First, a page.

ST. JOSEPH — There aren’t a lot of options to hiring new attorneys to replace contract lawyers, Chief Public Defender Chris Renna told the Berrien County Board of Commissioners on Thursday.
Commissioners later approved a resolution allowing Renna to request $2.5 million in state funding for indigent defense, which includes an additional $1 million over this year for five additional attorneys.
Renna, who took over the office last year, told members of the Administration Committee the attorneys contracted to handle misdemeanor cases weren’t going to be available next year.
One of those attorneys was hired by Renna to become the county’s chief assistant public defender, and another who handles about half the cases doesn’t want to continue that contract, he explained.
The hires will bring the contingent of full-time public defenders up to 17.
The attorneys are needed to meet the state standards, which include representation at the first court appearance, Renna said. Having a fully staffed office also increases efficiency in moving cases through court, he added.
The contract attorneys covered 2,750 misdemeanor cases last year.
The good news is that the Michigan Indigent Defense Commission and the state legislature are expected to pick up most of the tab for the additional employees.
Commissioners, on a 10-1 vote, approved a resolution for Renna to submit a request for funding of $3.1 million for the public defender’s office between Oct. 1 of this year and Sept. 20, 2020. That’s an increase of around $1 million in total funding for the current year.
The county’s share of the cost is estimated at $575,000, with the state providing $2.5 million. This year’s local share is $562,000, with $1.5 million coming from state funding. The local match is based on a three-average of spending by the county for indigent defense.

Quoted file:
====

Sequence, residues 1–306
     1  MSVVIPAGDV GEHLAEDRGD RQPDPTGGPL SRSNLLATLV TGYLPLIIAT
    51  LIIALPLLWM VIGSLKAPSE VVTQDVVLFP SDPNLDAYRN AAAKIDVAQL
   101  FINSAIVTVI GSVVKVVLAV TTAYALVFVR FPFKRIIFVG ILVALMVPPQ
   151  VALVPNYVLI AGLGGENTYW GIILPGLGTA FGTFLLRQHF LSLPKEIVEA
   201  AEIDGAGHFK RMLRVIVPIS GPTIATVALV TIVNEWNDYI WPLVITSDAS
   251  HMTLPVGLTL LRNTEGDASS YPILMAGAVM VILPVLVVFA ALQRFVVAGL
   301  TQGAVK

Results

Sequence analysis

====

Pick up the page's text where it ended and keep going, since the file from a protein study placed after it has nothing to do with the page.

Before establishing its public defender’s office – the first for Berrien County and among the first in the state – legal defense for those who couldn’t afford to hire an attorney was provided by 15 contract lawyers, at a cost of $1.4 million.
The office was launched in January 2017 with nine attorneys, a part-time criminal investigator and support staff. This year three attorneys were added to handle arraignments, and the office has three full-time investigators.
Commissioner Ezra Scott objected to expanding the staff and voted against the resolution.
“I am concerned that this is getting way, way out of control,” Scott said.
He also noted that the building that houses the public defender’s office is short on space.
Renna has acknowledged that the county would have to rent space elsewhere to accommodate the new staff.
Commissioner Bill Chickering said he shared Scott’s concerns about the rising costs. He also said that the contract with the misdemeanor attorneys is basically dissolving, and that they must be replaced.
Chickering said he didn’t want the new hires to set off an “arms race” with the prosecutor’s office, and hoped they view the attorneys “not as additional weapons, but replacements.”
Prosecutor Michael Sepic has said that the public defender’s office has created more work for his staff members, without additional funding.
Administrator Bill Wolf pointed out that the attorneys will only be hired if the state agrees to fund the positions. State legislators promised to compensate counties for meeting the new defense standards, and allocated $84 million for that purpose this year.
“I think it’s money very well-spent,” Wolf said of the funding received by the county that has improved the level of service.
More standards being studied could put additional pressure on county and state coffers. Those include attorney caseloads and compensation, Renna said.
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